I stumbled across this while searching for something else …
It makes for interesting reading (I downloaded a copy onto my Kindle for just a few dollars).
From approximately 1976 to 1984, the Soviet union used electro-mechanical and electronic implants to gather information from Selectric typewriters located in the U.S. embassy in Moscow, and the U.S. consulate in Leningrad. Project GUNMAN was a National Security Agency (NSA) plan to remove and replace all of their potentially compromised typewriters (so any bugs could be analysed and reverse engineered) without the Soviets knowing they’d been rumbled.
The first bug was discovered on the 24th of July, 1984 …
On a Monday evening, 23 July, a technician noticed an extra coil on the power switch of an IBM Selectric typewriter. He decided to x-ray the whole machine from top to bottom. The x-rays of the keyboard proved to be very interesting:
When I saw those x-rays, my response was ‘holy f***\ They really were bugging our equipment.
[…] The next morning, [engineers] argued about whether we had an anomaly or a bugged typewriter. Some typewriters had memory now which could account for additional circuits. What led us to conclude that this typewriter was probably bugged was the location of so many circuits in a metal bar that went along the length of the machine.”
Of the 44 typewriters shipped back to the NSA from the U.S. embassy, 6 were bugged. Later, 7 additional typewriters in the Moscow embassy and 3 typewriters in the Leningrad consulate, were found to have implants.
In total, 16 bugs were found in twelve IBM Selectric II typewriters and four IBM Selectric III typewriters. All had modified bails (interpose latches or arms) that controlled the pitch and rotation of the ball.
The Soviets continually upgraded and improved their implants. It was discovered that there were five varieties or generations of bugs. Three types of units operated using DC power and contained either eight, nine, or ten batteries. The other two types operated from AC power and had beacons to indicate whether the typewriter was turned on or off. Some of the units also had a modified on and off switch with a transformer, while others had a special coaxial screw with a spring and a lug. The modified switch sent power to the implant. Since the battery-powered machines had their own internal source of power, the modified switch was not necessary. The special coaxial screw with a spring and a lug connected the implant to the typewriter linkage, and this linkage was used as an antenna to transmit the information as it was being typed.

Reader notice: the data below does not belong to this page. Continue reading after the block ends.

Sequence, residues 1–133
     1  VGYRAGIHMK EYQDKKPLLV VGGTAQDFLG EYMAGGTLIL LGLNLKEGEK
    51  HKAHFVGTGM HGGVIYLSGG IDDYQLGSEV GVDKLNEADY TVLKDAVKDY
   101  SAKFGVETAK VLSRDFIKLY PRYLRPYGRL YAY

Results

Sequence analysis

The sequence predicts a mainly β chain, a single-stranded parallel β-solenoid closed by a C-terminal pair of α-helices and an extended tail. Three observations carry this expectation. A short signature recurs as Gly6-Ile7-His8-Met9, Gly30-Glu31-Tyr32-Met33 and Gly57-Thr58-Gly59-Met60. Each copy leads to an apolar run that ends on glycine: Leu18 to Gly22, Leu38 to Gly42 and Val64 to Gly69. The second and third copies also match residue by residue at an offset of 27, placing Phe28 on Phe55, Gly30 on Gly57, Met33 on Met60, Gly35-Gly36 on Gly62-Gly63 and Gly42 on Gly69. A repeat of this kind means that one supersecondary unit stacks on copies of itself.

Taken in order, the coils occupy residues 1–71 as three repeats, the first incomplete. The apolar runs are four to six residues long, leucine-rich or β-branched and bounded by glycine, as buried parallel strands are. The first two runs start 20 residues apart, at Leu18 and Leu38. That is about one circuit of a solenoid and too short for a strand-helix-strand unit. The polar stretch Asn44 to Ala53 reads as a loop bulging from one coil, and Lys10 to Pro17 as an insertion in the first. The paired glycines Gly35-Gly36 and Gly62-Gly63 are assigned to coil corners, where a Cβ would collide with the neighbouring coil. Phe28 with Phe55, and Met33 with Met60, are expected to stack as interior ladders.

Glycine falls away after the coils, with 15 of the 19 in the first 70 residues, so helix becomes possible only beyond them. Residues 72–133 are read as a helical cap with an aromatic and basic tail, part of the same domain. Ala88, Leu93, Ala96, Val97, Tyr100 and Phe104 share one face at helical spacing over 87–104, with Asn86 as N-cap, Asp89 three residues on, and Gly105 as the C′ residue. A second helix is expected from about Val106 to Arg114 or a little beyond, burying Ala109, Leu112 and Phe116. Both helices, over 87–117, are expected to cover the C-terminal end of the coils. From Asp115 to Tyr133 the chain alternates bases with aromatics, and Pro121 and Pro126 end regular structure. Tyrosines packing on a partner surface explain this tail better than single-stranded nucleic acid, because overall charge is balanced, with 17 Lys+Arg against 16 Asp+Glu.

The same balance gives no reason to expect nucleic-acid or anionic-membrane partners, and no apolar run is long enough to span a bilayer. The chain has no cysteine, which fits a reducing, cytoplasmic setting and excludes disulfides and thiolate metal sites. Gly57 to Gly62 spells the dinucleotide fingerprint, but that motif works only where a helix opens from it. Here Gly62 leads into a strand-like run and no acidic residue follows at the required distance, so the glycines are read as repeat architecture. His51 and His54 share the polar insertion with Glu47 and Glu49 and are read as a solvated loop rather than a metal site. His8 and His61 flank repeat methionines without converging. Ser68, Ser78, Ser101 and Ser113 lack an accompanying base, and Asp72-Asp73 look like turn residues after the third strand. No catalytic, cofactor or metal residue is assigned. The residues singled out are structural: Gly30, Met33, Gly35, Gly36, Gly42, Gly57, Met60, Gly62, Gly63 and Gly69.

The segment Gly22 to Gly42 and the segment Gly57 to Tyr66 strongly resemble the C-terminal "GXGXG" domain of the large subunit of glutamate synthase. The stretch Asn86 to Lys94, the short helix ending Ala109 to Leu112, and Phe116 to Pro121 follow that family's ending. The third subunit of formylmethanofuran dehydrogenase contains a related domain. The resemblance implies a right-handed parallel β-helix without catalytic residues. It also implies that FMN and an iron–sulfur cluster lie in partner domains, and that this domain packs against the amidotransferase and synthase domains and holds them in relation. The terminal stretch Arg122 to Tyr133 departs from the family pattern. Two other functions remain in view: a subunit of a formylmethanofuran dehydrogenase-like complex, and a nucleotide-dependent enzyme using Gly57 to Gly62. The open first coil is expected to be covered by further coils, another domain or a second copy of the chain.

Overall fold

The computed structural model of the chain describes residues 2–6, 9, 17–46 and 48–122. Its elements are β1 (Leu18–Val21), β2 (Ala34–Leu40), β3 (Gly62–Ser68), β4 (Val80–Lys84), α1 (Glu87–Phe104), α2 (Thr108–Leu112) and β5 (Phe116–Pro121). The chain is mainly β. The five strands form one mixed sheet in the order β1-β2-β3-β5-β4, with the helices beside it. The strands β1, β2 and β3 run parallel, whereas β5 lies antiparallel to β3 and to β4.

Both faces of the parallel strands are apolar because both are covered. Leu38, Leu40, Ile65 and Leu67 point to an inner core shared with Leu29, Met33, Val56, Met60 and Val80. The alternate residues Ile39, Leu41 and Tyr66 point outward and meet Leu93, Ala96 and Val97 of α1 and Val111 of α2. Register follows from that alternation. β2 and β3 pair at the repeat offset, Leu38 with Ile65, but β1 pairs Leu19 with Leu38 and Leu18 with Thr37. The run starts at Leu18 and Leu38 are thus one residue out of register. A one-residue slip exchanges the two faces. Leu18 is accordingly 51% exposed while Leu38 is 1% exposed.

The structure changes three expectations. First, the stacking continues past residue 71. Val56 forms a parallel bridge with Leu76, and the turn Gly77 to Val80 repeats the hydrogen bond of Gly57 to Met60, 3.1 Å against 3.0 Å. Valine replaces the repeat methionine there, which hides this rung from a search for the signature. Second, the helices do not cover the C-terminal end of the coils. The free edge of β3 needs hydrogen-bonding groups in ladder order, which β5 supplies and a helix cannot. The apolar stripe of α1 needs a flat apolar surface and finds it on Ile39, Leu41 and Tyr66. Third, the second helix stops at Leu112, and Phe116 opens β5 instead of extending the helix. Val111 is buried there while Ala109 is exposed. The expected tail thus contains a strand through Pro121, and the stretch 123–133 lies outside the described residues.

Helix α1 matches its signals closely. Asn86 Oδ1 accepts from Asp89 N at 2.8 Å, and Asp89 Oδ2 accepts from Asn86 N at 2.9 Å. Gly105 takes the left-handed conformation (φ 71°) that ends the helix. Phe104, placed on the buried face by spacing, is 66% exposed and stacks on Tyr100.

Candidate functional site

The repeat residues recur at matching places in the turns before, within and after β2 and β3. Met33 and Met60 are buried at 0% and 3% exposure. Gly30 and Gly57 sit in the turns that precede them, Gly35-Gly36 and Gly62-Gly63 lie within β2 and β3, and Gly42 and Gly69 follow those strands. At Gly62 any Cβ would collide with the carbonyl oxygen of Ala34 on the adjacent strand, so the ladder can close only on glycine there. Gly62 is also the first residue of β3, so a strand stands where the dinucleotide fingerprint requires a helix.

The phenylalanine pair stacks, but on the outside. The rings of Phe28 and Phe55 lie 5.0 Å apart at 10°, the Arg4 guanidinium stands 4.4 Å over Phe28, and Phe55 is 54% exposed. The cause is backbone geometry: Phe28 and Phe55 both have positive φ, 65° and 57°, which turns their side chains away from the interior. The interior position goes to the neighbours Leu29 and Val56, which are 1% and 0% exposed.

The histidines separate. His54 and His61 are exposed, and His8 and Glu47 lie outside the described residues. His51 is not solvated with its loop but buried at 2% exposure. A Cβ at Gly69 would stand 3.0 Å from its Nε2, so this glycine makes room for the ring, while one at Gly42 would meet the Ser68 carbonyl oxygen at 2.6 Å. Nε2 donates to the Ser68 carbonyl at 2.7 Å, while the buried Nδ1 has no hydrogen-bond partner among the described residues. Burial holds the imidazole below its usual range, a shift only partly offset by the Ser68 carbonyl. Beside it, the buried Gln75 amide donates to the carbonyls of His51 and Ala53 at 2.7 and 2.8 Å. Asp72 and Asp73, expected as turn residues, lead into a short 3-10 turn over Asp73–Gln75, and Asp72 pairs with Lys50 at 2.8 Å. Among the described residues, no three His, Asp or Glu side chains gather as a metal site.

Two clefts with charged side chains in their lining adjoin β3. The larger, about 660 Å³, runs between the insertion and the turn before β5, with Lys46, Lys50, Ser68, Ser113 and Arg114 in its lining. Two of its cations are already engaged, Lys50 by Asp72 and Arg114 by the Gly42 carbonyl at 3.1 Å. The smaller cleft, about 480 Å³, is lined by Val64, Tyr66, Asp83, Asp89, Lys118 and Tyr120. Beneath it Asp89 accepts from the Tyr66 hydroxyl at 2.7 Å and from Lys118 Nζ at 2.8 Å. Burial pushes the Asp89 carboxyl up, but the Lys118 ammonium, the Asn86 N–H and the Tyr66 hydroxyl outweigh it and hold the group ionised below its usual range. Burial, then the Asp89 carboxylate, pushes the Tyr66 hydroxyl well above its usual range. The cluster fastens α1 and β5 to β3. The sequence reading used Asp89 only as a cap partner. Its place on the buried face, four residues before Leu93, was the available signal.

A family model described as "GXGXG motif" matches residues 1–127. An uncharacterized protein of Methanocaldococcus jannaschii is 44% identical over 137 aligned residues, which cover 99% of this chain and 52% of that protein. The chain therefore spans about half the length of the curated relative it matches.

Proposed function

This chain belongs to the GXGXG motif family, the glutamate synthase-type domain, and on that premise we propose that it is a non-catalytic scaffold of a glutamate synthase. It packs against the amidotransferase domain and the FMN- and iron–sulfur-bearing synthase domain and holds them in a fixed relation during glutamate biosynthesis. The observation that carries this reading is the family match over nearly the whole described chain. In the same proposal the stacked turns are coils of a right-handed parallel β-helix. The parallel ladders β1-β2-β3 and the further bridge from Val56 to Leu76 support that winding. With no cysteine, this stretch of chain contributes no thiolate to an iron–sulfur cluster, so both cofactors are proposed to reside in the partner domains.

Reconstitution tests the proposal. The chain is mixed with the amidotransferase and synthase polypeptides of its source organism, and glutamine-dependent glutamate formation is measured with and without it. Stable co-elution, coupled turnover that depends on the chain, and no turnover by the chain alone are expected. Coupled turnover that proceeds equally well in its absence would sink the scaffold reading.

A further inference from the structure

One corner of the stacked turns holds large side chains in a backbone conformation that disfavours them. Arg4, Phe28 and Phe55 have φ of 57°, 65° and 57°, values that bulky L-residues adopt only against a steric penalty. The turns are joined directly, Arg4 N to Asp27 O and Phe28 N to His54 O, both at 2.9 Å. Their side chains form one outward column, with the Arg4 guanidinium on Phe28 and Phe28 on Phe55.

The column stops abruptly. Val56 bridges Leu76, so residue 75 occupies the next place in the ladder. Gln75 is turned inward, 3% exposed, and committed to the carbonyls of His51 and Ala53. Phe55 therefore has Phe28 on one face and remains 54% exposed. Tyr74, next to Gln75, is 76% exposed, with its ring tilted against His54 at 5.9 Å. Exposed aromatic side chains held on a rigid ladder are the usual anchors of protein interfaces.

Six ferromagnetic magnetizable bails were replaced with six nonferromagnetic nonmagnetizable bails with a very strong magnet in the tip. All the typewriters contained a modified comb support bar. Housing the bug inside a metal bar, and using low power and short burst transmissions at the 30, 60, or 90 MHZ range via radio frequency, made it very difficult for the bugs to be detected.
The Soviets also used “snuggling”techniques to hide bug transmissions in the noise of the transmission of television stations.
All of the implants were quite sophisticated. Each implant had a magnetometer that converted the mechanical energy of the keystrokes into local magnetic disturbances. The electronics package in the implant responded to these disturbances, categorized the underlying data, and transmitted the results to a nearby listening post. Data were transmitted via radio frequency. The implant was enabled by remote control (the Soviets could simply turn off the implants when they knew teams of inspectors were around). The integrated circuits were very sophisticated for that time period, and contained one bit core memory, an advancement that NSA engineers had never seen.
When the story broke in June 1985, press reports attempted to describe how the bugs worked, but were inaccurate in saying that the bugs were based on sound or timing. In reality, the movement of the bails determined which character had been typed because each character had a unique binary movement corresponding to the bails. The magnetic energy picked up by the sensors in the bar was converted into a digital signal.
While there was some ambiguity in determining which characters had been typed, the laws of probability enabled the Soviets (and subsequently NSA) to figure out what had been typed.
The implants were most likely installed by the Soviet Intelligence Service when the typewriters were under the control of Soviet customs officials before they reached their destination at the embassy or the consulate.
(Incidentally, the Soviets exercised extreme caution when it came to their own typewriters, using mechanical typewriters for all classified documentation.)